Consider the turtle a symbol of the Joads in general and the plight of the worker in particular. The turtle, like the Joads, is trying to make its way through its life, but is very out of place when crawling across the fast-paced highway…just as the modern worker is left behind by industrialization and the changing economy. The turtle/worker is at the mercy of larger forces. Some might show mercy, like the car that swerves to miss it, but some might also be malign, like the owners who abuse their power. The turtle is also heading their way; it moves on like they do. It is smashed by those going by, and turned over, but it turns itself over and heads on, just as the Joads/workers are trying to do.
The turtle can be seen as a metaphor for both the Joads and the migrants in general: the turtle is tough, tenacious, and unstoppable.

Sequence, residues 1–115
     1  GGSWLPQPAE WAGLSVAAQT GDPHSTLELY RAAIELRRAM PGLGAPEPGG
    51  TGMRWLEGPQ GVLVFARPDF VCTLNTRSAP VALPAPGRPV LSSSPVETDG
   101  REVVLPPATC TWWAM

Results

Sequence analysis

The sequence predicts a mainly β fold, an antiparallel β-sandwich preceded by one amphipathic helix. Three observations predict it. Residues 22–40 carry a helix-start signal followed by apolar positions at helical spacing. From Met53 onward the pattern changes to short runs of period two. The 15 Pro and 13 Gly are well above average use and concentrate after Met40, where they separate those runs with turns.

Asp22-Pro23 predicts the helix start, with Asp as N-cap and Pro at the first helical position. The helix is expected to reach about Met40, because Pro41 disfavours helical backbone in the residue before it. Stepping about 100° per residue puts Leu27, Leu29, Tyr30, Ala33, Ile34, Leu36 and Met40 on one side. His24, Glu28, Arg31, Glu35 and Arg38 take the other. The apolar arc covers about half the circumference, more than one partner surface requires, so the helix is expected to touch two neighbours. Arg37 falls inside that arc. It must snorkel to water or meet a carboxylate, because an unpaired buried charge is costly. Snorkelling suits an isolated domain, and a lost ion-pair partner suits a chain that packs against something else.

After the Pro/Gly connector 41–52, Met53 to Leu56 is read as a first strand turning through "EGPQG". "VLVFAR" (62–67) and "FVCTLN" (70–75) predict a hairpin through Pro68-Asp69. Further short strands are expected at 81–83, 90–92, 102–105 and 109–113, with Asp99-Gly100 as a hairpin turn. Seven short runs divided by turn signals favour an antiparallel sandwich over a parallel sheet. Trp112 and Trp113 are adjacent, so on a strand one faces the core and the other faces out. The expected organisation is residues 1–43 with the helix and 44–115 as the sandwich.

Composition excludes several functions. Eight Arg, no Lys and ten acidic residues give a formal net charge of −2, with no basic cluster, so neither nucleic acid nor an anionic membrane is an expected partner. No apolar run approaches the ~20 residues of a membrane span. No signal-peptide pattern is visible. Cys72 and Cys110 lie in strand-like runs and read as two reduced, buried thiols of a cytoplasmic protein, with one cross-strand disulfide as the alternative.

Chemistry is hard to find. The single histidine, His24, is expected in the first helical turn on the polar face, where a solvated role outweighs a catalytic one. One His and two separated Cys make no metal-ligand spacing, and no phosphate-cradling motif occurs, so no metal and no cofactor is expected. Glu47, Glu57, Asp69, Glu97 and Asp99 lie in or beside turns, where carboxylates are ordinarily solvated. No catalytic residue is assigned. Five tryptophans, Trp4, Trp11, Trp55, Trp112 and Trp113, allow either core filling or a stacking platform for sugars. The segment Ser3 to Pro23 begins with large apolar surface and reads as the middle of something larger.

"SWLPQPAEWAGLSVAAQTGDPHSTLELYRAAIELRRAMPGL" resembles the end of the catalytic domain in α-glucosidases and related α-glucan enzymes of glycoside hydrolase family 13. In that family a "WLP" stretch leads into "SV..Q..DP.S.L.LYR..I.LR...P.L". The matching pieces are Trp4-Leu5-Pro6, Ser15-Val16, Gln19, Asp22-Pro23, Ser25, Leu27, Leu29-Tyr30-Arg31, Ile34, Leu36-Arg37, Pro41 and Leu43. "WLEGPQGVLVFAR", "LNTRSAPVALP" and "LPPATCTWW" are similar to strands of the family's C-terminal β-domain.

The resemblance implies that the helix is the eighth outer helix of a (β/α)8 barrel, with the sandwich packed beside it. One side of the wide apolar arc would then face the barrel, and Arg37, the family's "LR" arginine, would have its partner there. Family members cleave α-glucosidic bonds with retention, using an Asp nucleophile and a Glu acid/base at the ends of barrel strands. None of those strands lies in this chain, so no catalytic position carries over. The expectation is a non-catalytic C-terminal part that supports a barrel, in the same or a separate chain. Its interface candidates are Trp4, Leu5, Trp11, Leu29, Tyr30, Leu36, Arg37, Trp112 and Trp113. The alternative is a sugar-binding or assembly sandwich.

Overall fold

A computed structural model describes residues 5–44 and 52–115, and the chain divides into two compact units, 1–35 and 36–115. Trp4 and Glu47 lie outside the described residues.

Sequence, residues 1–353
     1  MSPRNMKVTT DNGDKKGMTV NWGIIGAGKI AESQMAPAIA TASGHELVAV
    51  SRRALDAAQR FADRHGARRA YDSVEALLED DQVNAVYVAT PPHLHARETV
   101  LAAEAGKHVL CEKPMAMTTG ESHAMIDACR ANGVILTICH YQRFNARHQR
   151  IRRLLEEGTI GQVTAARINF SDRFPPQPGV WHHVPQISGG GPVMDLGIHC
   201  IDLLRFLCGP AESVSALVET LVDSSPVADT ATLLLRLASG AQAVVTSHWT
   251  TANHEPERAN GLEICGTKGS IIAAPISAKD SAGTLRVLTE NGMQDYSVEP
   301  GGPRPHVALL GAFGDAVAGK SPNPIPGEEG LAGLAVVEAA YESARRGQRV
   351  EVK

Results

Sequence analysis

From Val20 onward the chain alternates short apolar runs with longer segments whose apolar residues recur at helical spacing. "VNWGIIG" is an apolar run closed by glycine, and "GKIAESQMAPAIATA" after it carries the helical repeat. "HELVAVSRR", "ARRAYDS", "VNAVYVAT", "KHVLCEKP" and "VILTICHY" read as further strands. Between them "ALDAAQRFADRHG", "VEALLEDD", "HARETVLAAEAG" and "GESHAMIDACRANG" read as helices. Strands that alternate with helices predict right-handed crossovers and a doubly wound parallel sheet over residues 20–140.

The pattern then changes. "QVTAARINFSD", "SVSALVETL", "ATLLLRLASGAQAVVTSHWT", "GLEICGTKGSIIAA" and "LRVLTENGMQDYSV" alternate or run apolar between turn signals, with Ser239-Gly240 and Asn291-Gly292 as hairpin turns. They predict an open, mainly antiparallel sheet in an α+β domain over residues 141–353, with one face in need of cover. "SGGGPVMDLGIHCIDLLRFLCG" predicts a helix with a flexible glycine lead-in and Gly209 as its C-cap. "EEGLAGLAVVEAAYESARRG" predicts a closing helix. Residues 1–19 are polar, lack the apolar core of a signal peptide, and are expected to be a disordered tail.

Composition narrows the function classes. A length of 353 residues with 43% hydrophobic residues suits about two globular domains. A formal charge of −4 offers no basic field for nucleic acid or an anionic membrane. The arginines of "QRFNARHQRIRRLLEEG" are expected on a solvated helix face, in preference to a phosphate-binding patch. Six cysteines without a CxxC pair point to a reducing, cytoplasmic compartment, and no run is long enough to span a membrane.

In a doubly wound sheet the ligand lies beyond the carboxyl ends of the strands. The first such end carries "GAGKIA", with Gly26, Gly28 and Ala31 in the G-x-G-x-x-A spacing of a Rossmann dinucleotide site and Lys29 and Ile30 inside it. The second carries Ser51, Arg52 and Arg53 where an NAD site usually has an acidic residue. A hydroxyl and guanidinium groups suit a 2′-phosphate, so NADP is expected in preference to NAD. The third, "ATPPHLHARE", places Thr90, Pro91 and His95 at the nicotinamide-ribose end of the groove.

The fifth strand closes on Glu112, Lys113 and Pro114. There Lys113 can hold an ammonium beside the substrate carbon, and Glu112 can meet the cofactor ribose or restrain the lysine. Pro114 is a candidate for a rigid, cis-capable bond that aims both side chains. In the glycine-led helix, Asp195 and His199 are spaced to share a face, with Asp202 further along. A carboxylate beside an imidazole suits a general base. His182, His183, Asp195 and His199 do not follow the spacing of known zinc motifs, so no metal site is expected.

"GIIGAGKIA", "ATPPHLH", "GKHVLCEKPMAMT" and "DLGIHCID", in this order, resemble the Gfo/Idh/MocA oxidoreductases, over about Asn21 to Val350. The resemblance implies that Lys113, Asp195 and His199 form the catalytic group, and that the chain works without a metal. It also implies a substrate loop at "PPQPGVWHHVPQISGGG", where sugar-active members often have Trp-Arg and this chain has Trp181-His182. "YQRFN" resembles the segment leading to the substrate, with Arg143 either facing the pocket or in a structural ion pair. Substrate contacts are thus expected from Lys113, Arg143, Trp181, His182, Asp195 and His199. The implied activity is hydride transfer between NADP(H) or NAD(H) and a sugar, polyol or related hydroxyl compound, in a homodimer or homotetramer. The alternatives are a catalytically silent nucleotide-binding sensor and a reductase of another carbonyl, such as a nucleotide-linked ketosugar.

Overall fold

Steinbeck writes, "All over the grass at the roadside a land turtle crawled, turning aside for nothing, dragging his high domed shell over the grass." As the turtle tenaciously carries forward with his life, so too do migrants as they protect both their own lives and the lives of their families.
Further, in another section of the inter chapter, it is revealed that the turtle is transporting a seed in his shell. The turtle not only carries life, but also transplants that life to a new place: “The wild oat fell out, and three of its spearheads stuck in the ground”. This situation is analogous to the way the men end up taking their pregnant wives away where they raise new life in new lands.